Community Outlook: 20-06-23
Council Meeting: 06 June 2023
- 2 Community Board members were absent from the meeting.
- The Hauroko Valley Primary School student leaders from year 8 (and Mrs Waikato, Principle) made wonderful presentations to the Board sharing details of what the students have been up to.
- The Board decided on funding for applications made to the Community Partnership Fund and allocated funds to the Tuatapere Pool from the Pool Rate Reserves.
- No other decisions were made at the meeting.
- Voting System for 2025 Local Government Elections was briefly discussed.
Next meeting: 3:30pm, Tuesday 8 August at Waiau Town and Country Club.
Voting System (Local Government Elections)
Council will be asking for Community views on the Local Government Election voting system via the Council “Make it Stick” website. No detail on how those without Internet access are to present their views at this time.
The options are to stay with the current system, “First Past the Post” (FPP), or change to a “Single Transferable Vote” (STV) system for the election of the Mayor, Councillors, and Community Board members for the 2025 elections.
Unfortunately, I’ve heard both Council Staff and Councillors describe the STV system incorrectly, and some detail provided on the Council “Make it Stick” website appears to be very poorly worded or incorrect. As with most ‘new’ things, it can take a little while to gain full understanding.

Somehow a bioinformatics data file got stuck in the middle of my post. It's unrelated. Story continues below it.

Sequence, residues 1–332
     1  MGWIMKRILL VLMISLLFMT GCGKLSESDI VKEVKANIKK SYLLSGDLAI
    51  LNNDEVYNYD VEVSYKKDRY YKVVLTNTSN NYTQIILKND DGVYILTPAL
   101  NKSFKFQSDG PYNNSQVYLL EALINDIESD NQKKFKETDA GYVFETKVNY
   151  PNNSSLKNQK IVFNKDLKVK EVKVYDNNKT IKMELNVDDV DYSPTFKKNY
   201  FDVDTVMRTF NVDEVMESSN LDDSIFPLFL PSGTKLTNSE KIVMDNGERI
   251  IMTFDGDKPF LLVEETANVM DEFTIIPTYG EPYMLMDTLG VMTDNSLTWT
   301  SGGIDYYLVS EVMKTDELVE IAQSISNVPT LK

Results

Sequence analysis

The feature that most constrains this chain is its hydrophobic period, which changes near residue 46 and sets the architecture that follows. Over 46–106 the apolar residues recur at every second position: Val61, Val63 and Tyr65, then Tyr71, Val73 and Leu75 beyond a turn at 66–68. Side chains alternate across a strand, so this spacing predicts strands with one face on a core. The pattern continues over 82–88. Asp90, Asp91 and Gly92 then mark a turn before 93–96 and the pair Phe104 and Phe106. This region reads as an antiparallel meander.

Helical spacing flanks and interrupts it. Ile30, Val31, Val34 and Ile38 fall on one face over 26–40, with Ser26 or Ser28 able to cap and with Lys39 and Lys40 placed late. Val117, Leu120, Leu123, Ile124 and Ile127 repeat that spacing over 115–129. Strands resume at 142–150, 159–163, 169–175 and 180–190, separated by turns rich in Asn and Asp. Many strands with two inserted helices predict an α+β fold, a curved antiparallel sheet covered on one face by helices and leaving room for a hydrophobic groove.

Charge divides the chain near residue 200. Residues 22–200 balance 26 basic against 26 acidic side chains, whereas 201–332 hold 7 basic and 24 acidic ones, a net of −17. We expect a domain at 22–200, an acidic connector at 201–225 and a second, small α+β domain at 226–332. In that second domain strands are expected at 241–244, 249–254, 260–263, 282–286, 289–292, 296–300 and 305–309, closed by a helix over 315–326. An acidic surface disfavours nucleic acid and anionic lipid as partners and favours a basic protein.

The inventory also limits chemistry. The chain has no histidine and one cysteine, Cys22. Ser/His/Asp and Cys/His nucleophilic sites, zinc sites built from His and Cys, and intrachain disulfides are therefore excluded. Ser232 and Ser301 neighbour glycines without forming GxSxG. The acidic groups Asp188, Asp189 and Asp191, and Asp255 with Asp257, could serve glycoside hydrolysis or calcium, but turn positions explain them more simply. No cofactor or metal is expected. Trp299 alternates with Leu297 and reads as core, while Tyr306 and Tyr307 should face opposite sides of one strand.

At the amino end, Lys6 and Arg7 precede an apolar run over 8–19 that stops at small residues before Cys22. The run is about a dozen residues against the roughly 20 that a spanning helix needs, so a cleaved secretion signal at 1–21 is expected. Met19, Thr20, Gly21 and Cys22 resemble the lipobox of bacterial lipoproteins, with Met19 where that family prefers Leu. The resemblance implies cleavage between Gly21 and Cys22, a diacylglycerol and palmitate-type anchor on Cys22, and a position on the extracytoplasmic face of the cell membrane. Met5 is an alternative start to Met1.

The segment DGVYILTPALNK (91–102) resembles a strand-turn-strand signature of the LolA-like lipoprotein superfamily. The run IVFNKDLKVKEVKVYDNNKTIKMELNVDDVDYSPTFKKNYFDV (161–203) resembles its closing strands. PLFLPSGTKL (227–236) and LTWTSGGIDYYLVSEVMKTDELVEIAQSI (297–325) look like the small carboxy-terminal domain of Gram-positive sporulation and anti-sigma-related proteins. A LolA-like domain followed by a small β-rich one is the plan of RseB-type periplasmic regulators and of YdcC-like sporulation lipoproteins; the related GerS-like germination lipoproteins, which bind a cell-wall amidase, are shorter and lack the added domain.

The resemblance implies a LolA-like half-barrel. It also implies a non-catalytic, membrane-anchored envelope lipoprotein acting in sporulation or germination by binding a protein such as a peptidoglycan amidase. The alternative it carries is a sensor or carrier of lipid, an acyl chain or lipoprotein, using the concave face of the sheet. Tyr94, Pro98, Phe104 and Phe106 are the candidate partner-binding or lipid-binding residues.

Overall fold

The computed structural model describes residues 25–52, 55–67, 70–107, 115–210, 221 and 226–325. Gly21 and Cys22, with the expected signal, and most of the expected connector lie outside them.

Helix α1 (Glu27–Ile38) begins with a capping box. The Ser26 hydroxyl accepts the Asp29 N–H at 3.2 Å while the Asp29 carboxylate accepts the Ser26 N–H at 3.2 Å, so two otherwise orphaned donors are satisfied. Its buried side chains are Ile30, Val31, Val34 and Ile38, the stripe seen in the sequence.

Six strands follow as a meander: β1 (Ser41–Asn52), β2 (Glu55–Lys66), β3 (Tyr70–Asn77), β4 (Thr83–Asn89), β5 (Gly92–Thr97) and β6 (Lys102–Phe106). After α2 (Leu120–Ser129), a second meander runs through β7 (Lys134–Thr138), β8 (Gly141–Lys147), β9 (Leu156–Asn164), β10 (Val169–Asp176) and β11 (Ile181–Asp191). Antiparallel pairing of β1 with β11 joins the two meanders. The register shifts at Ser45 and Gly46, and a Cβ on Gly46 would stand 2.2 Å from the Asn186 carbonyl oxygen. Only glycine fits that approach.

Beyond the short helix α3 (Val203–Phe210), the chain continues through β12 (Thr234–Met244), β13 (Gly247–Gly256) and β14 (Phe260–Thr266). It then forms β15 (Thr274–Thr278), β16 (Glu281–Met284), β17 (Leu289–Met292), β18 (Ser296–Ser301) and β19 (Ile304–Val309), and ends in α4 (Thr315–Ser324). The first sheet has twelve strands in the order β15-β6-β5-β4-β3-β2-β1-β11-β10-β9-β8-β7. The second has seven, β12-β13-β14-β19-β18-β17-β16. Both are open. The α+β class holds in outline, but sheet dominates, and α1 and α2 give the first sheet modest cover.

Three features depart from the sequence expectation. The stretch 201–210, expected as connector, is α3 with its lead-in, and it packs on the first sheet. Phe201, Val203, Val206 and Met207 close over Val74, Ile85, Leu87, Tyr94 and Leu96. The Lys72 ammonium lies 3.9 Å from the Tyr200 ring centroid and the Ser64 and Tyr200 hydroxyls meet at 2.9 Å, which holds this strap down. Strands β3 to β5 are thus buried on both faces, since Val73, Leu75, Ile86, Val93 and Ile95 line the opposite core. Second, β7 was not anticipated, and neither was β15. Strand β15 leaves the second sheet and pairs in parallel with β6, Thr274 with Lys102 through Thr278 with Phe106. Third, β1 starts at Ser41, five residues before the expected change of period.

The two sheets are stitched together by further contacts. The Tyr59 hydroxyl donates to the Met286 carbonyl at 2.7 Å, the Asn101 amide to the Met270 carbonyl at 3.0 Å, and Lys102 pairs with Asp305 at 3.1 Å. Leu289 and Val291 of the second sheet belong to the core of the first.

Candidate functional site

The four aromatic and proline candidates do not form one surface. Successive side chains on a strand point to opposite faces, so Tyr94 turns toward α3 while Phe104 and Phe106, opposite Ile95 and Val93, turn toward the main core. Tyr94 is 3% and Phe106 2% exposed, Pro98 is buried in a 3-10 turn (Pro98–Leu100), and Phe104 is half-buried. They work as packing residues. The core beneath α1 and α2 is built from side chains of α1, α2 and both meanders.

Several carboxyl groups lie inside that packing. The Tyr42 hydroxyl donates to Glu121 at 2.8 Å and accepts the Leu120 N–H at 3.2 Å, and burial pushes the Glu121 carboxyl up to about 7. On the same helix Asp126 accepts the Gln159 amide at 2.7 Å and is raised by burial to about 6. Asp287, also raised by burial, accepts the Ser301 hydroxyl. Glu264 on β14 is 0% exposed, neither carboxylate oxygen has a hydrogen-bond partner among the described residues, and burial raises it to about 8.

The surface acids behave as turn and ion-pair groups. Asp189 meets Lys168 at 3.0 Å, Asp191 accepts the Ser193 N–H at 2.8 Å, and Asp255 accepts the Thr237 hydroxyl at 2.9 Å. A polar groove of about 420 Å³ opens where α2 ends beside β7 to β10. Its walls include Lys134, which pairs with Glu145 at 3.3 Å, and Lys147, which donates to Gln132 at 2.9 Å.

The New Zealand Government has a website that describes the STV system and provides a number of examples of how the STV system works, it can be found at www.stv.govt.nz.
The following is a list of Councils that used the STV system in 2022: Kaipara, Tauranga, Ruapehu, New Plymouth, Palmerston North, Kapiti Coast, Porirua, Wellington, Greater Wellington, Marlborough, Dunedin, Far North, Gisborne, Hamilton, Nelson.
Almost all of Australia’s voting systems are based on preferential voting, many are a variation of the NZ STV system.
Why change? The FPP system often does not result in what the majority of voters want, however it is a very simple system. The STV system uses preferential voting, requiring voters to rank candidates in order of preference. A quota system is used to distribute preferences, which can be difficult to understand, and is best determined using a computer system. However, the STV system produces results that are representative of what voters want and tends to be a fairer system.
If you are interested, please take the time to read through the details on the Government website www.stv.govt.nz to understand the STV system better and perhaps provide your views to Council via the Council “Make it Stick” website. If you want further information, I’m happy to try to provide it, email me at firstname.lastname@example.org.